LEFT: Approaching the finish line in 2018 RIGHT: Sharon in the operating room with husband, Louis Moy, urologist and Urology Residency Program Director at UF
Dr. Sharon Byun
Posted May 4, 2020
MEET DR. SHARON BYUN
Division of Academic Specialists in General Obstetrics & Gynecology
Residency Program Director
University of Florida College of Medicine
Department of Obstetrics and Gynecology
We had the chance to catch up with Sharon recently about the many hats she wears at work, at home, and as a triathlete.
EFAT: When did you race in the Escape from Alcatraz Triathlon?
SB: 2017: I competed as part of a relay with my brother, Harold Byun on the Team Fox charity team for The Michael J. Fox Foundation for Parkinson’s Research. This was the year the swim was cancelled due high speed winds and a small craft advisory warning that did not allow jet skis, kayaks and paddle boards in the water for race support. I did the bike leg and my brother ran.
2018: I competed as an individual F45-49. I crashed on the bike course, but was able to finish and placed 7th in my AG. I was so happy!
2019: I competed as an individual F50-54 and much to my surprise placed 2nd in my AG. I was also pleasantly surprised to get my finisher’s medal from Andy Potts! His enthusiasm and support for the age-groupers is pretty amazing. Needless to say, I was thrilled to podium in this iconic race!
Perhaps the craziest thing about this race is that I rode on the bus to pier 3 next to a woman named Kasey Mann. She was is her 20’s and it was her 1st Escape. She had been a swimmer in college at Yale, and so she was excited for the swim, but a leg injury had her nervous about the run. We chatted all the way to the ferry and then parted ways. I never saw her after that, but when I checked my race results, I was shocked to see that we finished with the exact same time!!! Crazy!!!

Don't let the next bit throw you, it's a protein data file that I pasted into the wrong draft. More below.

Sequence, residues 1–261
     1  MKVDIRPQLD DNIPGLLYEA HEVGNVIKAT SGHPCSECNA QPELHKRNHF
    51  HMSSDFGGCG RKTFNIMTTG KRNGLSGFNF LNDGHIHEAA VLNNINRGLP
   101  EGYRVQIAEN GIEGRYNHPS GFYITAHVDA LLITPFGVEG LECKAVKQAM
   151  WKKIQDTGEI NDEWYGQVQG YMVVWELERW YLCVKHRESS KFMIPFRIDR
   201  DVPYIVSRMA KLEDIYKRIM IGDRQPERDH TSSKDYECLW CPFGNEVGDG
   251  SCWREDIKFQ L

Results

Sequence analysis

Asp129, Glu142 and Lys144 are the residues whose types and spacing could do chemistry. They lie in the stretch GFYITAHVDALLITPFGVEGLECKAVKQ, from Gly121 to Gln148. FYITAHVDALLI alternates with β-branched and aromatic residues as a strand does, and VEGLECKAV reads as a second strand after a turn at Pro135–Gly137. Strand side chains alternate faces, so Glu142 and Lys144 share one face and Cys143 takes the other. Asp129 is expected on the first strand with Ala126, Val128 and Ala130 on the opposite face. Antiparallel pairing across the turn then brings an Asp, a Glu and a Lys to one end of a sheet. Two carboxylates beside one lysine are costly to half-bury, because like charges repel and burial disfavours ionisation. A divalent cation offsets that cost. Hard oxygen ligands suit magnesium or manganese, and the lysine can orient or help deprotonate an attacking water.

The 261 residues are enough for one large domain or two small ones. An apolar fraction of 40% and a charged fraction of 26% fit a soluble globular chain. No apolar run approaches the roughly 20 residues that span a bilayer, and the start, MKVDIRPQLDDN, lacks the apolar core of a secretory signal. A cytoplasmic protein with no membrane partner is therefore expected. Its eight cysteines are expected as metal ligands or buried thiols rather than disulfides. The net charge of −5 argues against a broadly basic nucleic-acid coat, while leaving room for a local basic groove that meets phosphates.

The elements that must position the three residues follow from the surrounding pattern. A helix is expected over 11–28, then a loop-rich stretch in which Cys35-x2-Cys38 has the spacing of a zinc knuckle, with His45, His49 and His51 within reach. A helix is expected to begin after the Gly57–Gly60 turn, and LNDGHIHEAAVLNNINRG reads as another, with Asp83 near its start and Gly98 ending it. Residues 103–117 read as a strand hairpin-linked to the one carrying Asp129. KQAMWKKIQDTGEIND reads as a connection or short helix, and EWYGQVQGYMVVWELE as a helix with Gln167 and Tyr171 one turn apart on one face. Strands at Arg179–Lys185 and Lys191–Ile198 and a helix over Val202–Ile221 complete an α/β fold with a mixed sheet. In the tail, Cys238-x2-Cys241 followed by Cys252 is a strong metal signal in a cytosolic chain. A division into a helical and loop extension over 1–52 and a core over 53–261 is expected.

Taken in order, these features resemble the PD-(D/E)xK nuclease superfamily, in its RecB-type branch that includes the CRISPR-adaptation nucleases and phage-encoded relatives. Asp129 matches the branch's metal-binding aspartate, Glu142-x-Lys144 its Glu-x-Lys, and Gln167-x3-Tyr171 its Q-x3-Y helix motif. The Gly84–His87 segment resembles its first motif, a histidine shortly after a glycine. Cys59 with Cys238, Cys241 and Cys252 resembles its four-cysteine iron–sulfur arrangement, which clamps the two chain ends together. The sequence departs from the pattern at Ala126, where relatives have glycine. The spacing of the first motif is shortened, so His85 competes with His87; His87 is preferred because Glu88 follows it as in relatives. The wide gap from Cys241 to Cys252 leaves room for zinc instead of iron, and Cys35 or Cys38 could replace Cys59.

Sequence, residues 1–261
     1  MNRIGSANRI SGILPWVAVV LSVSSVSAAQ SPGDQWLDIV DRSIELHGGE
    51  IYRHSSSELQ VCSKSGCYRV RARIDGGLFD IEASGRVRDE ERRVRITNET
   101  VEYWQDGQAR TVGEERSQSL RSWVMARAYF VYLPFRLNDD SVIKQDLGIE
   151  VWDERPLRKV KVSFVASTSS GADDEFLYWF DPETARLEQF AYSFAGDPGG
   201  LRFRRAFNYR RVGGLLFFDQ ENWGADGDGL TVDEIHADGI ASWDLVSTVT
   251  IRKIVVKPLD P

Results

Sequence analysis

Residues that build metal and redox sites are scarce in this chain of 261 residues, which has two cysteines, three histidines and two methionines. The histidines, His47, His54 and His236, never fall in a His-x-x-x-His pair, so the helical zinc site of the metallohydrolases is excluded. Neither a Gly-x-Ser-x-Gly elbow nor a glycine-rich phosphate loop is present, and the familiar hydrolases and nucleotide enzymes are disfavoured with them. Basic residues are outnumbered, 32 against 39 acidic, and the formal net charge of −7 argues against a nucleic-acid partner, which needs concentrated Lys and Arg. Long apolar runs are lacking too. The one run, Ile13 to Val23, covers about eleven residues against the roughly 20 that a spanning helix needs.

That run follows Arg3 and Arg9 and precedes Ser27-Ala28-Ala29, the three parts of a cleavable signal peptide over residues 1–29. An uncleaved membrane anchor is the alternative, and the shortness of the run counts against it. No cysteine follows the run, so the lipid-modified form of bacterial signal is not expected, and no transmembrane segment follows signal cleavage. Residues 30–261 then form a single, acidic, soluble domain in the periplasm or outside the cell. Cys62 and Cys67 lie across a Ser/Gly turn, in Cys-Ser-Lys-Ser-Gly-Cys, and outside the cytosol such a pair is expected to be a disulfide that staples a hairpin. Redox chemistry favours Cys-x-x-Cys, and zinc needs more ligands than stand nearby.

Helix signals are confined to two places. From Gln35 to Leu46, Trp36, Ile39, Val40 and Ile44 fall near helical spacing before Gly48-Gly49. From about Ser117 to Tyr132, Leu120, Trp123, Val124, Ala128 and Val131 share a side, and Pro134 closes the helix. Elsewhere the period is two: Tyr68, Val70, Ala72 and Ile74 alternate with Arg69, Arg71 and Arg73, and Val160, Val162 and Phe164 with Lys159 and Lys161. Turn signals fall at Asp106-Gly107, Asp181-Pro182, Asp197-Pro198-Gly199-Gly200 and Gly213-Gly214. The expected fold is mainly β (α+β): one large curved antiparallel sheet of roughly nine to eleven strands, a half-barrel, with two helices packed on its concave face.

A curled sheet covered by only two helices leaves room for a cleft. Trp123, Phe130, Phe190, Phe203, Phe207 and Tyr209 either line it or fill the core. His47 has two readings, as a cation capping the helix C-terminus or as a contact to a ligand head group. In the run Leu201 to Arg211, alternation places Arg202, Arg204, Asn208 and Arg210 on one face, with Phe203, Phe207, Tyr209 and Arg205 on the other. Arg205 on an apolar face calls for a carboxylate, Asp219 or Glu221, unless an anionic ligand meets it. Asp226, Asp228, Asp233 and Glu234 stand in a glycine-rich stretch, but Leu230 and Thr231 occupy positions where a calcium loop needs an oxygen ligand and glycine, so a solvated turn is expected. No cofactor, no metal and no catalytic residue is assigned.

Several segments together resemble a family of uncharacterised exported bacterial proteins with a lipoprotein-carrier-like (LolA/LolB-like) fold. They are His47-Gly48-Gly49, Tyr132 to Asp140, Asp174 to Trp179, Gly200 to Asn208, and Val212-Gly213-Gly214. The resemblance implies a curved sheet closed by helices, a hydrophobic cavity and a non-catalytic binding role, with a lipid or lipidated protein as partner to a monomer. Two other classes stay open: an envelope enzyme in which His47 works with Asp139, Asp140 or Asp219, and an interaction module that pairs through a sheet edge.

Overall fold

LEFT: 2017 with brother Harold / RIGHT: 2019 with Andy Potts
EFAT: How’s the last ~6 weeks [since the pandemic hit] been for you?
SB: Everyone has been affected by this global pandemic in some way. We are all making sacrifices. For some it has led to tragic loss of life and for others, loss of jobs and income. People have been unable to gather together for weddings, birthdays, and graduations or attend funerals. I’ve definitely had my emotional ups and downs, but through it all I have been extremely grateful for my health and the health of my family.
As for work, being a physician has brought forth many challenges, most importantly trying to figure out how to continue to take care of patients safely. Those decisions have not come easily for the leadership at my institution at the University of Florida. We are fortunate here in Gainesville not to have been impacted by COVID-19 to the extent that it has affected other areas of the country and the world. I cannot imagine what it has been like for people in New York. As an obstetrician, there is nothing elective about having a baby - the babies are not able to follow a shelter in place order! While many patient care areas including non-urgent surgeries have come to an abrupt halt, obstetric care and deliveries have continued at full force. As residency program director, part of my job is to oversee the training and education of our residents. An added layer of complexity and stress has been feeling responsible for their health and safety, and we have had to be creative and flexible in how we altered our workforce as clinical demands changed.
UF OBGYN Residents, my heroes 😀
Pre-COVID, when hugging and human contact was the norm. Oxytocin, the hormone that causes uterine contractions in labor, is also known as the human bonding hormone. We’ve all been feeling a bit oxytocin deficient lately.
Our new normal in the era of COVID-19 😷 Masks donated by Epix Gear.